Friday, March 20, 2009

Turtle nest rescued impending erosion.

This season there have been depressingly few nesting emergences on Intendance beach compared to previous season. Added to that, 2 nests were washed away following bad weather in December and another 3 showed very low hatching success. In one case, only 20 hatchlings emerged from a nest containing 212 eggs.

Intendance beach in the South of Mahe, photo Elke Talma
Concerned over the remaining nests, MCSS and the Banyan Tree Turtle Team have been closely monitoring the remaining nests. One nest in particular was of concern, as every day high tides and rough seas were slowly eroding the sand near the nest.

With the eggs due to hatch any day now, Elke and Adam decided to relocate the eggs to give the hatchlings a fighting chance. A total of 115 eggs were collect from nest No.26, 10 of which were more like chicken eggs than the usual ping-pong shaped turtle eggs.

Weird shaped turtle eggs (right), photo Elke Talma

The eggs have been moved to a safe location with Adam checking them on a daily basis until they hatch. We will keep you posted.

Adam and his soon to be offspring’s, photo Elke Talma

15 more minutes of Fame

MCSS Research Officer, Elke Talma, was recently interviewed by a local film crew from the Seychelles Broadcasting Corporation of Seychelles (SBC) for a monthly documentary called “karne lanatire”, or Environmental Corner.

The documentary which will be broadcasted in April will feature the MCSS Turtle Programme and various other programmes in Seychelles, with special emphasis being placed on turtle conservation as there has been a significant increase in the number of documented poaching during the 2008-09 Nesting Season .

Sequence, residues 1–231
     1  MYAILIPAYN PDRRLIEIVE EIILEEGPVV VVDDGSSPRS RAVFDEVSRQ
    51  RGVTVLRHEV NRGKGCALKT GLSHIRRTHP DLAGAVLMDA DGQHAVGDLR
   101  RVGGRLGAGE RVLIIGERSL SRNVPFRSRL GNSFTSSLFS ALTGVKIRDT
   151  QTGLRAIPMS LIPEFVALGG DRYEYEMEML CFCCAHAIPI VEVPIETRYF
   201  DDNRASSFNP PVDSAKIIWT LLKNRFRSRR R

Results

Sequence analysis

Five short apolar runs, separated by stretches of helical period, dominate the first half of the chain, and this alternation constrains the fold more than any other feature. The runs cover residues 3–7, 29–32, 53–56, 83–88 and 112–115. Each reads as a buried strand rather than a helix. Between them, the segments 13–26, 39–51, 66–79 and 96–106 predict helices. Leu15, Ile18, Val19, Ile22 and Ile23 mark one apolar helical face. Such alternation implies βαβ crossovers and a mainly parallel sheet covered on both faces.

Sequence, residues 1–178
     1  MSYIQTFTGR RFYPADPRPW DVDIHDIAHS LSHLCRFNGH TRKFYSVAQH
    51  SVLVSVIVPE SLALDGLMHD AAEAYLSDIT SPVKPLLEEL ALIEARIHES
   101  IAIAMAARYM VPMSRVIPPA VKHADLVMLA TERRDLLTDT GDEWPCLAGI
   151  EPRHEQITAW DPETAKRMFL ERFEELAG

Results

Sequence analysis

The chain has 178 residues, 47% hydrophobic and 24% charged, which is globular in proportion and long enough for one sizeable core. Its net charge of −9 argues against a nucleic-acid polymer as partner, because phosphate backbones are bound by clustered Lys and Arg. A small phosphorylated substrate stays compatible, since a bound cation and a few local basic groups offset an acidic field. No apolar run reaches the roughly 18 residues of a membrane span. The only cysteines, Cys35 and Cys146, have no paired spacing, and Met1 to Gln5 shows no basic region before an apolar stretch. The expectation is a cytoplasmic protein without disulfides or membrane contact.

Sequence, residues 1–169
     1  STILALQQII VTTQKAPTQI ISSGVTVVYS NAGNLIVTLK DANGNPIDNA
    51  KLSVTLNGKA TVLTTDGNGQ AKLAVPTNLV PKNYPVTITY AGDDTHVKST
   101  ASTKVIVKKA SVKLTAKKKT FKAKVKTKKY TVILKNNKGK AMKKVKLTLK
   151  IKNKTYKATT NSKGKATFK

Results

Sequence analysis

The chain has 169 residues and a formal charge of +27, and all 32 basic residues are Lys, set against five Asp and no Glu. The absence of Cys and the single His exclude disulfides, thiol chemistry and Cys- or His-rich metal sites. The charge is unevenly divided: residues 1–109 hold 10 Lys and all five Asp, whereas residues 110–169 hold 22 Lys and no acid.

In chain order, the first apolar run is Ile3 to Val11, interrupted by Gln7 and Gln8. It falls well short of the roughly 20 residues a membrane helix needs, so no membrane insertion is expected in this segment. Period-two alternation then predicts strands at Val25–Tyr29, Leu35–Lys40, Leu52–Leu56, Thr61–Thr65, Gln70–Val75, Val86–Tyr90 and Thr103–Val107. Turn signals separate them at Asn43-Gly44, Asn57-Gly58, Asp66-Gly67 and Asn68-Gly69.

Elke being interviewed near a newly hatched nest on Intendance beach, photo Marike Koopman.

Sunday, March 15, 2009

Japanese conservationists to develop artificial limbs for turtle

Japanese conservationists trying to develop artificial limbs for turtle injured during a shark attack. An injured loggerhead sea turtle may be getting a new lease on life after being rescued off south western Japan, following a suspected shark attack last summer. The 20 year old female turtle, named Yu-chan, was placed in an aquarium at the Hiwasa Chelonian Museum in Minami, western Tokushima, and is soon to be fitted with prosthetic front limbs.

Yu-chan, a loggerhead sea turtle missing half of its left forelimb and one-third of its right forelimb after a shark attack. Photo Kyodo

According to Erika Akai, a researcher at the non-profit Sea Turtle Association of Japan, “special attention will be paid to ensure that the forelimbs are strong enough to allow Yu to climb up a nesting beach, thus allowing her to lay eggs”. Akai, studied behaviour of dolphins fitted with artificial tail fins in Okinawa and hopes that the same can be done for Yu.

At the moment, “Yu’s swimming capability is only at 60% of that of a healthy turtle”, says Akai “and cannot be released into the wild”. The Sea Turtle Association of Japan has set up a fund and asked Japan's largest prosthetic limb maker in western Osaka prefecture to make the artificial fins.